If so, The Lipstick Chronicles has it. I have several posts bookmarked to blog about, but I couldn't decide. Nor could I in good conscience steal their content for weeks at a time. (But Oh! the Temptation!)
Instead, here's a re-cap and teaser.
How to Kill Anybody with Anything and Never Get Caught -- Like you really need a blurb for that title.
DISCLAIMER: The information in the following piece is for mystery readers and mystery lovers who enjoy learning about poisons for the sole purpose of driving plot. It is not meant as a technical primer. And I'm so bad at science that it's probably useless anyway.
But what I really, really hope is that teenage girls stand up for themselves and refuse to be manipulated. I hope they find the great authors who are out there, whom they will think about and draw strength from for years to come. Like Betty Smith. Not a day goes by when I don't think about A TREE GROWS IN BROOKLYN, about Francie and Sissy and Katie and, especially, Johnny. Smith didn't have a book packager. She had a voice. And a gripping story about ordinary people who tried their best and often failed and sometimes achieved a minute of happiness if they were lucky. She is Anna's favorite author, too. That says something about what the YA market should be publishing. We want stories about real people, not The O.C. knock offs.
Do blogs sell books? Create communities? Distract or attract or repel readers? Or are blogs over already? This discussion has come up around our neck of the woods lately. So we here at The Lipstick Chronicles, in the never-ending effort to stay cutting edge, thought we'd ask you, our visitors, what you think.
Seriously, how can you resist giving your opinion?
I am writing this post at the end of a day in which I have written 9,000 words.
My 43-year-old hands are veined and arthritic from hovering over asdf - jkl;, ready for action. My world is no longer my reality. My reality is Lehigh, Pennsylvania, a fictitious town based on my hometown of Bethlehem where I am battling a murderer who kills with lethal hair extensions. The characters are named haphazardly after kids I knew in high school, thereby courting possible lawsuit. Stiletto and Bubbles are into heavy petting. They are having more sex than I feel I ever will. I am, in short, at the end of writing BUBBLES ALL THE WAY. The pub date? November.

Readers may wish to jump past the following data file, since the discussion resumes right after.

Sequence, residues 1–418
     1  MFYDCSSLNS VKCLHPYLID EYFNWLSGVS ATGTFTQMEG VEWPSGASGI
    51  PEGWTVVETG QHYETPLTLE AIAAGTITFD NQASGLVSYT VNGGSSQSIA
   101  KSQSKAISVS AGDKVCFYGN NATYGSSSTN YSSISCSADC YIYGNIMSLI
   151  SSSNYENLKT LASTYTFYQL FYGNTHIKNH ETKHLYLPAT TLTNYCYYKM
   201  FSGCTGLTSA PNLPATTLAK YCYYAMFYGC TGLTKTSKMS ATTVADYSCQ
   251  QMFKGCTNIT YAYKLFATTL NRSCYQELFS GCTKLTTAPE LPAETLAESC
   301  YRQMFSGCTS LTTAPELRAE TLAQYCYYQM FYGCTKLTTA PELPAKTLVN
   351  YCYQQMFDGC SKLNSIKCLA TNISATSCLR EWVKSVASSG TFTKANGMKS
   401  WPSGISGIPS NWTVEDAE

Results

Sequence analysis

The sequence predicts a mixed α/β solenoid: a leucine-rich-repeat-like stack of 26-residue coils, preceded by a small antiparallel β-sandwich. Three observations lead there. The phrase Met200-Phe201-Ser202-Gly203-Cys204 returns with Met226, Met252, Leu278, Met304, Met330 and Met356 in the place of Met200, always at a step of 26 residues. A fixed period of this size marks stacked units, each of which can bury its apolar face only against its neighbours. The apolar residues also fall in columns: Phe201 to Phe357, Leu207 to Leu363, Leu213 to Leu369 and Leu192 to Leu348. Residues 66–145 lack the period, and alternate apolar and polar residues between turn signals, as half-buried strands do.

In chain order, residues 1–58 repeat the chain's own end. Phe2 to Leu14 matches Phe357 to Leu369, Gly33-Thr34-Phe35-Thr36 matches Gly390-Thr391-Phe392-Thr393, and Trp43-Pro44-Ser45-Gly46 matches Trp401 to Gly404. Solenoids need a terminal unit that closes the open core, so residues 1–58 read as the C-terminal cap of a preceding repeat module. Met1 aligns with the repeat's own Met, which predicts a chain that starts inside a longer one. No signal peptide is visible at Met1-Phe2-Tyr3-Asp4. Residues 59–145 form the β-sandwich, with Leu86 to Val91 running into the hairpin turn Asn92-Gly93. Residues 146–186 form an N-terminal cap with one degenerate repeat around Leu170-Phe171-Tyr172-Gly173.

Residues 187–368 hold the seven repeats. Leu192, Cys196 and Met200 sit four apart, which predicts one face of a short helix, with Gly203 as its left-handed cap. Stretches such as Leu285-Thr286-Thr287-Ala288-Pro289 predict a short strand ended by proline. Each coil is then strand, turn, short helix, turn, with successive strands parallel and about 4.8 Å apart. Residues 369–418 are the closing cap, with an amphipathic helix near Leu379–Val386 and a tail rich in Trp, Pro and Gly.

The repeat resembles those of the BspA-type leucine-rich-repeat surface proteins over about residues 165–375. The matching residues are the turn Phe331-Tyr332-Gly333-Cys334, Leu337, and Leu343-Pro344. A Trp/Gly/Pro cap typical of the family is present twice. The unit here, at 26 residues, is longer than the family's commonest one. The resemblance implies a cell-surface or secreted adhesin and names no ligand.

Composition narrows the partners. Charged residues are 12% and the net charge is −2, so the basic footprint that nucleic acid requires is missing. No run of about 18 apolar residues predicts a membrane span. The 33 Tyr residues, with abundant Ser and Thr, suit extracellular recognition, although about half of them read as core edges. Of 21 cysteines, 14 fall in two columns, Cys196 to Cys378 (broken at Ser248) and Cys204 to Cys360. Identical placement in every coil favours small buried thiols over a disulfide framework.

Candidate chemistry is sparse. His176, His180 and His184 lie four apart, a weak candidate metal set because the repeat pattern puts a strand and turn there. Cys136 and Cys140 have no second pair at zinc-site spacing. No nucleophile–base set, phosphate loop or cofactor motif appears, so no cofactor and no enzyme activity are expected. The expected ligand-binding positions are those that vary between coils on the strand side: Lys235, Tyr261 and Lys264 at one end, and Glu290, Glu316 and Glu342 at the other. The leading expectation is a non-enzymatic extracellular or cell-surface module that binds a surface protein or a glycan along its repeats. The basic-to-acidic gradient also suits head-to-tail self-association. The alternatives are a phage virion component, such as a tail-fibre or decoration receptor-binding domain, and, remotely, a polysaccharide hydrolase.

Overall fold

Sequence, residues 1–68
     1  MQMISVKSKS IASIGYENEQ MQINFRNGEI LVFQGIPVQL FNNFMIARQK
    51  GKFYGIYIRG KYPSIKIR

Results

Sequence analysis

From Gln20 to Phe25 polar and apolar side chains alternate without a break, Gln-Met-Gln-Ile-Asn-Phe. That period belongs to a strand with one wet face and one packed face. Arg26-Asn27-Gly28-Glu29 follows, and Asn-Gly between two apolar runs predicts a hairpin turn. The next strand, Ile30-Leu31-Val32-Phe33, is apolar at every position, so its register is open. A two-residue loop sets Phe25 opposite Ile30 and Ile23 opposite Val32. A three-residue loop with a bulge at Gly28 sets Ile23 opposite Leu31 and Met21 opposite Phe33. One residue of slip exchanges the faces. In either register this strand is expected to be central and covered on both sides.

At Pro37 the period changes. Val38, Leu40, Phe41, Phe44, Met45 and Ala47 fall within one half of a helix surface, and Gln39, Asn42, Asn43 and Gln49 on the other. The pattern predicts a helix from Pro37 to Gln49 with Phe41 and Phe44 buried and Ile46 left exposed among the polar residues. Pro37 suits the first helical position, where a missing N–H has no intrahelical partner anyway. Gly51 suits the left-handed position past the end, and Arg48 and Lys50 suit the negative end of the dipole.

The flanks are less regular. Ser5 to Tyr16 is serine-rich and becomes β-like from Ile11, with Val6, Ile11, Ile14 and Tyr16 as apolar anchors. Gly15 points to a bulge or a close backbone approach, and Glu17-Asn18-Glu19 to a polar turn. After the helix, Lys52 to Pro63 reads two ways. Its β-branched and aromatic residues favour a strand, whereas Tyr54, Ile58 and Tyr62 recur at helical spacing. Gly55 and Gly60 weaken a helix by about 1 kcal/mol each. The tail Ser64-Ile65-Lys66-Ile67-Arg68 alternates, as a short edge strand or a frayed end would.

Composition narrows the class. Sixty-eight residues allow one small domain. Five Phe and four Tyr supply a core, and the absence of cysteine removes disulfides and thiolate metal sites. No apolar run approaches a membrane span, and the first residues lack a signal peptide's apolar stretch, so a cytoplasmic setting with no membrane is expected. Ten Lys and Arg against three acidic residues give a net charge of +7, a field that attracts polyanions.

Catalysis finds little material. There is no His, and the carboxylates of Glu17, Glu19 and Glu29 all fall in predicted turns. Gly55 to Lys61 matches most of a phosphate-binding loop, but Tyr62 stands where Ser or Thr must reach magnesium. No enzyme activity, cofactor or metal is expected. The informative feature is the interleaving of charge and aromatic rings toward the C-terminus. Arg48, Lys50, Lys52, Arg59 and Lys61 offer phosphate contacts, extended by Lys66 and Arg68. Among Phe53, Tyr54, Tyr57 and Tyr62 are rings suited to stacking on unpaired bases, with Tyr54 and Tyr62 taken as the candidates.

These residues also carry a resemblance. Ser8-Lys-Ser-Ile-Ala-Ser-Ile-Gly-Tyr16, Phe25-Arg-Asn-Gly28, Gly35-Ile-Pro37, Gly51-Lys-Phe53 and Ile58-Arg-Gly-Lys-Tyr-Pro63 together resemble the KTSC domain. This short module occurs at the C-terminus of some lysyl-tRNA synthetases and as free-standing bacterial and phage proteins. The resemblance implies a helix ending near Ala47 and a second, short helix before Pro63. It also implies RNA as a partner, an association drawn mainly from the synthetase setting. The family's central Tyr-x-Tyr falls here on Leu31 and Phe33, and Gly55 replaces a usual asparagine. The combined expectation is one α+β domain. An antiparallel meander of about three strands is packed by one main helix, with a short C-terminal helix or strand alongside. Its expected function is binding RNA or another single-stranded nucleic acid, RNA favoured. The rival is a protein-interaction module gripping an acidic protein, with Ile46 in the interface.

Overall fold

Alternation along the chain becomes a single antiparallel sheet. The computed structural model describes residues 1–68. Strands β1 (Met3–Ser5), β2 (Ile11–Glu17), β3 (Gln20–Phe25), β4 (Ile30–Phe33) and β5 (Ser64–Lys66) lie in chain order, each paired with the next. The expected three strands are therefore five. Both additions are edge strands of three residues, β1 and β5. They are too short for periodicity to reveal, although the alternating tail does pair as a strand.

That's right - this November. As in seven months. The manuscript was due today. My editor will get it Friday. This is what we call insanity.
Last week, in an upscale suburban neighborhood of an average American mid-Atlantic city, it came to light that some rascally boys at the local high school had created a list of the Top 25 Girls, which rated their classmates according to their physcial attributes, plus useful info on their drug use and willingness to perform oral sex.
Needless to say, if your first thought was, "Gee, I wonder how I would have rated at that school?" you are hereby dismissed from the discussion. Take your copy of Marie Claire magazine and go back to getting your daily dose of Judge Judy.
It's something else, and it's hard to explain.
When I work on a book, I write everyday. Deadlines wait for no one, not even muses. Despite the whining you heard while NIGHT OF THE LIVING DEB was in progress, I really like writing. It feeds me in some freaky way, a little like the chocolate-covered pretzels I've been craving. Maybe it's trite to say, but it's like breathing. I don't want to try to live without it, no matter how much I bitch and moan in the process. I also belong to the Fly-by-the-Seat-of-Your-Pants Club, which means I don't outline. I don't fill a binder with copious notes beforehand. I don't even scribble out a synopsis before I sit down at the computer and have at it.
I'm sure I made my point that I love these ladies and hope that you'll give them a read too.